The Brazilian Jiu Jitsu or also called "BJJ" whose major school is Gracie Jiu-Jitsu, is a martial art of Brazilian origin derived from the methods of Judo and Jiu Jitsu imported from Japan to Brazil by Mitsuyo Maeda in the year 1920. It was then developed by the Gracie family. It is a modern and ever-changing martial art. Although not widespread in Europe, it is popular in the United States, Brazil and Japan. The Brazilian Jiu Jitsu is characterized by a traditional ground struggle with the wearing of a keikogi (regularly called kimono in Western countries). Each method of finalization is either a constriction or an articular key performed on the shoulder, neck, elbow, wrist, hip, knee or ankle.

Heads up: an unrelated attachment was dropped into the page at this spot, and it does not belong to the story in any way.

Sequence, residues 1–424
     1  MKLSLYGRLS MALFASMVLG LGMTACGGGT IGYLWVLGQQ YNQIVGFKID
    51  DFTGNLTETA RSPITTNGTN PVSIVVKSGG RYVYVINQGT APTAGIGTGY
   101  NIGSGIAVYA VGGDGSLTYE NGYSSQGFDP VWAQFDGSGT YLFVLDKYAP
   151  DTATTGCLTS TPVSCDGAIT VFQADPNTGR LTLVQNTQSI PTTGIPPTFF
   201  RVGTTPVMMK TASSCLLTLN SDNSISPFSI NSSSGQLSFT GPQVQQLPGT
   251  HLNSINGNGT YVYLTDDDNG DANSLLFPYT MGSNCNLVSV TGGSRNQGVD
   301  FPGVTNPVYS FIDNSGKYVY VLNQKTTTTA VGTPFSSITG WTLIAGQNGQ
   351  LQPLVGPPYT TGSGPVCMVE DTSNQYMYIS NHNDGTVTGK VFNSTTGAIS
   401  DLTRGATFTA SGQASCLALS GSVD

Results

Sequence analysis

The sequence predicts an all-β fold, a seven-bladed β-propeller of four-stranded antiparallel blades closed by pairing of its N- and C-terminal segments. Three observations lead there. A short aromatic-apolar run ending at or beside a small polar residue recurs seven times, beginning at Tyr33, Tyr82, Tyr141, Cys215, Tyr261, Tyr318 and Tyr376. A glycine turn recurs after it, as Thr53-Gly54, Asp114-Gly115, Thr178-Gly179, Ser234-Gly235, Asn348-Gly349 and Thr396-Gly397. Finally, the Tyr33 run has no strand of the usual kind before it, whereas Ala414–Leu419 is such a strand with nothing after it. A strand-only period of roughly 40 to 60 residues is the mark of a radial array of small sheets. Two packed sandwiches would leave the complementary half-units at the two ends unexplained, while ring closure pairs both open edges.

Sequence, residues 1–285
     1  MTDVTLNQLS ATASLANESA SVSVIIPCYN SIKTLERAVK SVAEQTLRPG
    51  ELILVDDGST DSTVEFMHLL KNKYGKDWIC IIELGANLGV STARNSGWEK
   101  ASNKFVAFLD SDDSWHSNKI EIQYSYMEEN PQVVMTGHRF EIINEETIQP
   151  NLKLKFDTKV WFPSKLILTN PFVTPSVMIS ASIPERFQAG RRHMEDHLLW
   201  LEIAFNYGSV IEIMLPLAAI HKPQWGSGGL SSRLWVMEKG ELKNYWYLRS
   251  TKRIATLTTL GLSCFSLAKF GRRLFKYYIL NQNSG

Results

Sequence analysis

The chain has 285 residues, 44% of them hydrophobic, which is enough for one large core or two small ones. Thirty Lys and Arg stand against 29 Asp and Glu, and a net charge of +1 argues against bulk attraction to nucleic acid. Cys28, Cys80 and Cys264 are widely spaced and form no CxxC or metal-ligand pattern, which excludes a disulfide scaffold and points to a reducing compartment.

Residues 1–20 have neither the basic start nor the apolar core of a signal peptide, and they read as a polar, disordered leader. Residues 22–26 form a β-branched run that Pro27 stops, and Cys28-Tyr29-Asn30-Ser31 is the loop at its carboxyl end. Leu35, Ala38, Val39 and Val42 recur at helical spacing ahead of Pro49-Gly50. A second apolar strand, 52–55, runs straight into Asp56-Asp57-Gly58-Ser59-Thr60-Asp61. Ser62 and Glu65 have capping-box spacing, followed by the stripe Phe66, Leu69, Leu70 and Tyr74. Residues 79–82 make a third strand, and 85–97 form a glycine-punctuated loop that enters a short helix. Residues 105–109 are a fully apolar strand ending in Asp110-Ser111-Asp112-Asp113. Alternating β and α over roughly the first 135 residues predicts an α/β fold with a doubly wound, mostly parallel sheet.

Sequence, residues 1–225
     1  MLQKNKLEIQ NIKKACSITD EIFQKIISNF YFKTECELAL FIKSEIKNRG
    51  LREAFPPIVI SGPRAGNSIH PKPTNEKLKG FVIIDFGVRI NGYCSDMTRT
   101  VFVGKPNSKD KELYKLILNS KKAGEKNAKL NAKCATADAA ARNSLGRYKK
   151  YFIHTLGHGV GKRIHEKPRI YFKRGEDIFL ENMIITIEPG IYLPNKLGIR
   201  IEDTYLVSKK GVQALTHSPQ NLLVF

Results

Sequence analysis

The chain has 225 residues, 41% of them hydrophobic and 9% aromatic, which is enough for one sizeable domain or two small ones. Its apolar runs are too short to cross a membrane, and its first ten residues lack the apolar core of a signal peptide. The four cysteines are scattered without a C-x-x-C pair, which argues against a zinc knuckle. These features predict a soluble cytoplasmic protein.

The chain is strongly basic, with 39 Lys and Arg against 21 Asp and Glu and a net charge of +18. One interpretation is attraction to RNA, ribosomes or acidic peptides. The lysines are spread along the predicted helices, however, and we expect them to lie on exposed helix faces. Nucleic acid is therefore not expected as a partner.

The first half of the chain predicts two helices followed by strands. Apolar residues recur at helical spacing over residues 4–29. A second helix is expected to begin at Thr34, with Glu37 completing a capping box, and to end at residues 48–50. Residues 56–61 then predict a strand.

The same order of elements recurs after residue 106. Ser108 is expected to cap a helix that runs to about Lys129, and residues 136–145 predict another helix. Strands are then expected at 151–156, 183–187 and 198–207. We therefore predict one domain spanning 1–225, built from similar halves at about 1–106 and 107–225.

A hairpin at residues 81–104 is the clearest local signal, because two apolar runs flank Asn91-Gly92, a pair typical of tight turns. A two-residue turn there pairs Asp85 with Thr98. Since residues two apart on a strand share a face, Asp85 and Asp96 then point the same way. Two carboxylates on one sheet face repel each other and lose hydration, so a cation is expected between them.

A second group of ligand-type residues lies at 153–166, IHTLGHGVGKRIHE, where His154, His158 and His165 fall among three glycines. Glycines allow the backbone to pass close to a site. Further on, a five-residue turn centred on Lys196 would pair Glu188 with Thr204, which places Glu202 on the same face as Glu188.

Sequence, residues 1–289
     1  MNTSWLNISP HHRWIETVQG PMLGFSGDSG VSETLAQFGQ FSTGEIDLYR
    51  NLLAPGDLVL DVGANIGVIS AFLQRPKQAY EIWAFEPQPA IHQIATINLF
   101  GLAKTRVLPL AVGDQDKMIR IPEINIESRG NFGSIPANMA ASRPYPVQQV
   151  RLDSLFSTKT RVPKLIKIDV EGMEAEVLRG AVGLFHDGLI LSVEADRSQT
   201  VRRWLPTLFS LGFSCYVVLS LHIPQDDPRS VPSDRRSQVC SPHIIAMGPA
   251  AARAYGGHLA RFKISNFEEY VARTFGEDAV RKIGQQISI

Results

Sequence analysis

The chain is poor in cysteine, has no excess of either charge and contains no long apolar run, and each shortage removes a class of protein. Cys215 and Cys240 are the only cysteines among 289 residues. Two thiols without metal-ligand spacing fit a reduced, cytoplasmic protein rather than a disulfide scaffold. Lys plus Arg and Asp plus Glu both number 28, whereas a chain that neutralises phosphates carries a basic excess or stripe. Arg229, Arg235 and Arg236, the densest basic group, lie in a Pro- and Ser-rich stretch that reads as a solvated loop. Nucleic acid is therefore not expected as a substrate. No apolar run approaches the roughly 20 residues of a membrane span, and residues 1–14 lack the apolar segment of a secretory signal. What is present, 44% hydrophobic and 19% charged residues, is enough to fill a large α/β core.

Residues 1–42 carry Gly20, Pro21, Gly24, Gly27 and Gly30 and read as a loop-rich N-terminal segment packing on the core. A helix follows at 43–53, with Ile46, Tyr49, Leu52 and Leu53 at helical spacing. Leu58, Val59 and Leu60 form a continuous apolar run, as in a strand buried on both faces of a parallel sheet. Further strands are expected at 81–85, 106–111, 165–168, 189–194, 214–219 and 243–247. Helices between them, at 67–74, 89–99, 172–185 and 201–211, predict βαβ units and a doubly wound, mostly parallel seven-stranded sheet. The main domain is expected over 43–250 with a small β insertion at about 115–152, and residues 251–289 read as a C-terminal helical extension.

The Brazilian Jiu Jitsu promotes the principle that an individual can defend himself against a heavier and stronger opponent by using appropriate methods, specifically by bringing ground combat and setting up strangulation methods, joint keys or muscle compression. In contrast to most martial arts that highlight standing combat, hand and foot, it focuses more on ground combat, a fairly technical sector and where the corpulence of people comes into play less.